Ask anyone how fast they want their app to run and they’ll say as quickly as possible. Ask how much they want to spend per transaction and they’ll say as little as possible. Ask how often they optimize resource allocation and parameter settings and they’ll say they test performance against the spec when they release a new service. Ask them why if cost and performance are so important they only test once and you’ll likely hear silence.
Optimization can improve efficiency (cost/performance) dramatically. Selecting the correct values for the OS, middleware layer, autoscaler and the cloud or container platform can cut costs 30-50% and/or improve performance by over 100% without changing any code or negatively affect the running service.
Optimization Isn’t Being Done
Despite the opportunity, most teams simply select a large instance and leave the default for most OS and middleware settings. As long as the system meets spec, most engineers don’t try to optimize beyond tweaking the initial settings. Aside from a few outliers like Google, Facebook and Netflix, no one seems to be committing resources to take advantage of this opportunity. Why, given the possible returns, do so few companies try to optimize?
Before cloud computing, servers were expensive, were rationed, required approvals, took weeks to provision, and were configured and managed by operations teams. Most development engineers never touched them. Now servers are VM instances or containers and any engineer with privileges can instantly add or change them. More importantly, the development engineer is now frequently responsible for the configuration of the server instance running her code. But, are engineers trained for this new task?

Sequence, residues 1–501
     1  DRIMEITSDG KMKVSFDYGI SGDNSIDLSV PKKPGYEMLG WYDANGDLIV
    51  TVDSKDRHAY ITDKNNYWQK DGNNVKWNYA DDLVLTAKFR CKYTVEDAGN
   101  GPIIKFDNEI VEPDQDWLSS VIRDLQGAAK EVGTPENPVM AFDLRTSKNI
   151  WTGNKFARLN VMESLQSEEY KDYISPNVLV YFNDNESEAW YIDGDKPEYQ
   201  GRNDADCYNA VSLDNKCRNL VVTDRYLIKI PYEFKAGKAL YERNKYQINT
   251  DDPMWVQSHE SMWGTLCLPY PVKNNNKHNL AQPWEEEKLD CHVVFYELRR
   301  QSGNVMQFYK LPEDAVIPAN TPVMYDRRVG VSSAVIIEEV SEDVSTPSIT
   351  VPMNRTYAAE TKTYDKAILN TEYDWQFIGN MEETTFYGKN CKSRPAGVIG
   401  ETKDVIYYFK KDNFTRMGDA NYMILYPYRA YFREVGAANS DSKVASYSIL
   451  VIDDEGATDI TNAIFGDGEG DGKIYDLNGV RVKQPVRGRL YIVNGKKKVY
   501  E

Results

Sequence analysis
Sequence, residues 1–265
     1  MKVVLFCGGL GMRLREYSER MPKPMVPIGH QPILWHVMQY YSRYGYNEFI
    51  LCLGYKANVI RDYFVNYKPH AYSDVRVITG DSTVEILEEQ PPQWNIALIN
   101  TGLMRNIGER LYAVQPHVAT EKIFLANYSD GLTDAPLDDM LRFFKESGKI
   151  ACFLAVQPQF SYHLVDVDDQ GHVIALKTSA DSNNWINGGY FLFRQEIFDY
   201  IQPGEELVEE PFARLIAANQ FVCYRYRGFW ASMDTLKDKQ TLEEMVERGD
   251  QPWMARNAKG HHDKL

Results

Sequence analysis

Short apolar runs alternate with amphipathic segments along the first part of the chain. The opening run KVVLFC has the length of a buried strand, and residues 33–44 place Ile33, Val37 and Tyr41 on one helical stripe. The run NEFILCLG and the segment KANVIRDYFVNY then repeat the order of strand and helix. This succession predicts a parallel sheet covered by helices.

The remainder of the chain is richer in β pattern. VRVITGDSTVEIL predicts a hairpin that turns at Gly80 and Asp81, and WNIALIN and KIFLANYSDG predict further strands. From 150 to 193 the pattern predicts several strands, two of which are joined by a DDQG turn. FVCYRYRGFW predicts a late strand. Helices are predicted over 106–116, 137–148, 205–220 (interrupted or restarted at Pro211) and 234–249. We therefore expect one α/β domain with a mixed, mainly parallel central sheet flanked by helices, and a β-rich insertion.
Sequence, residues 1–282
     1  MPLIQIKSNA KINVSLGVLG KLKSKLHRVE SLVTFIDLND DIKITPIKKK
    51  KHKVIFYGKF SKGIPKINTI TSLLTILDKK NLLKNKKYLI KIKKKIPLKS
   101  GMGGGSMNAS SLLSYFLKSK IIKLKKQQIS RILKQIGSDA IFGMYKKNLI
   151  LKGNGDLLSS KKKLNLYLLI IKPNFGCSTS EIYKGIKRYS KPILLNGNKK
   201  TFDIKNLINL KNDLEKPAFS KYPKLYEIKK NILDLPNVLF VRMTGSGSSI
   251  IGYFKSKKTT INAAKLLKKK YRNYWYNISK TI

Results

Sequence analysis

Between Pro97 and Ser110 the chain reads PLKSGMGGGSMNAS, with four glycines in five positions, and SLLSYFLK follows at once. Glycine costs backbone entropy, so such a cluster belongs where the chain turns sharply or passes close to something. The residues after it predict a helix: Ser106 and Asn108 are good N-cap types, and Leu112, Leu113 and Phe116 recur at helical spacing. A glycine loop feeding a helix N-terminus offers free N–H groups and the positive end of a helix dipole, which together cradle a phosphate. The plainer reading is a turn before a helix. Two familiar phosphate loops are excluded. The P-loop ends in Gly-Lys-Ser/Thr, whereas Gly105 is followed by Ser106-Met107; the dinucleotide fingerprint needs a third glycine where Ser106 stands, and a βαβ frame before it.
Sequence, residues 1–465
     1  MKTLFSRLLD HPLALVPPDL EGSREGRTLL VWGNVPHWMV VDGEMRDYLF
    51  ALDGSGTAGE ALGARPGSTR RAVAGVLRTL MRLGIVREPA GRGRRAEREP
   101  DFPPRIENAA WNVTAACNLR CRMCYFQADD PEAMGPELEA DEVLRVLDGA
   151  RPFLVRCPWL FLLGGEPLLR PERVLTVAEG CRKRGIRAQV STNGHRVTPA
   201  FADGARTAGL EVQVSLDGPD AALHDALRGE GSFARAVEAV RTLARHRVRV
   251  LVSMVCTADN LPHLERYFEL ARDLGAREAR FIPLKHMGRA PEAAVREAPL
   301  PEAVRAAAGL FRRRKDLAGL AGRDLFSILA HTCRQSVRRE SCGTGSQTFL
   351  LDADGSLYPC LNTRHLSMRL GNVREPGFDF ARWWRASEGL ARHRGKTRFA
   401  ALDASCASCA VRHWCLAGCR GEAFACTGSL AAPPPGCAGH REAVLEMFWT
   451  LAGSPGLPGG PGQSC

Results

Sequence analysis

Many engineers who’ve graduated since the introduction of cloud likely have no experience with server configuration. They’re not aware of most settings and lack experience adjusting them. VM and container instances include hundreds of settings that affect performance and cost. Changing settings for one part of the app affects the performance of the whole system. Even a relatively simple app with 5 microservices can present trillions of setting permutations. Although new tools have cropped up over the past decade to implement settings, none help engineers determine the right settings.
When performance issues are serious enough to embark on an effort to optimize, “best practice” is to create a project and bring in a performance team to diagnose and address active pain points. These projects are long and expensive and the results can be ephemeral because optimization needs to be restarted every time new code is released. As the CTO of one SaaS decacorn put it, “We tried an optimization project on our customer portal and the results were impressive. After nine weeks of iterative refinement we had cut response time in half and increased the number of concurrent users by 42%. Unfortunately, as soon as we updated that app we were back to where we started.”
It’s Someone Else’s Problem